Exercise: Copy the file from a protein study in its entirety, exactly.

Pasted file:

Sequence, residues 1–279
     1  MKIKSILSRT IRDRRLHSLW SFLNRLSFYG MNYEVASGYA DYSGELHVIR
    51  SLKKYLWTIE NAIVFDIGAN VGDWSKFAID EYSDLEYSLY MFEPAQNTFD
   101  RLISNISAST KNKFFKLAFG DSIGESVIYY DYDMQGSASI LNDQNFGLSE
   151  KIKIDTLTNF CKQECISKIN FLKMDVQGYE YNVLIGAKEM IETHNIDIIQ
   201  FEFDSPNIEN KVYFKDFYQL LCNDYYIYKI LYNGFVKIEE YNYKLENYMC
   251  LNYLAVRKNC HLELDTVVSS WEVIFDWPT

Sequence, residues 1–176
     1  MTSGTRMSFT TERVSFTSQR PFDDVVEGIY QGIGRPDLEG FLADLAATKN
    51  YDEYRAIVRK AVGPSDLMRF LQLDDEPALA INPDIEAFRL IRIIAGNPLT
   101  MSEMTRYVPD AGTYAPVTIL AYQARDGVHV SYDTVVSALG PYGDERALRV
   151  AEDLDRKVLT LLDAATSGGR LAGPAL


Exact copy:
Sequence, residues 1–279
     1  MKIKSILSRT IRDRRLHSLW SFLNRLSFYG MNYEVASGYA DYSGELHVIR
    51  SLKKYLWTIE NAIVFDIGAN VGDWSKFAID EYSDLEYSLY MFEPAQNTFD
   101  RLISNISAST KNKFFKLAFG DSIGESVIYY DYDMQGSASI LNDQNFGLSE
   151  KIKIDTLTNF CKQECISKIN FLKMDVQGYE YNVLIGAKEM IETHNIDIIQ
   201  FEFDSPNIEN KVYFKDFYQL LCNDYYIYKI LYNGFVKIEE YNYKLENYMC
   251  LNYLAVRKNC HLELDTVVSS WEVIFDWPT

Sequence, residues 1–176
     1  MTSGTRMSFT TERVSFTSQR PFDDVVEGIY QGIGRPDLEG FLADLAATKN
    51  YDEYRAIVRK AVGPSDLMRF LQLDDEPALA INPDIEAFRL IRIIAGNPLT
   101  MSEMTRYVPD AGTYAPVTIL AYQARDGVHV SYDTVVSALG PYGDERALRV
   151  AEDLDRKVLT LLDAATSGGR LAGPAL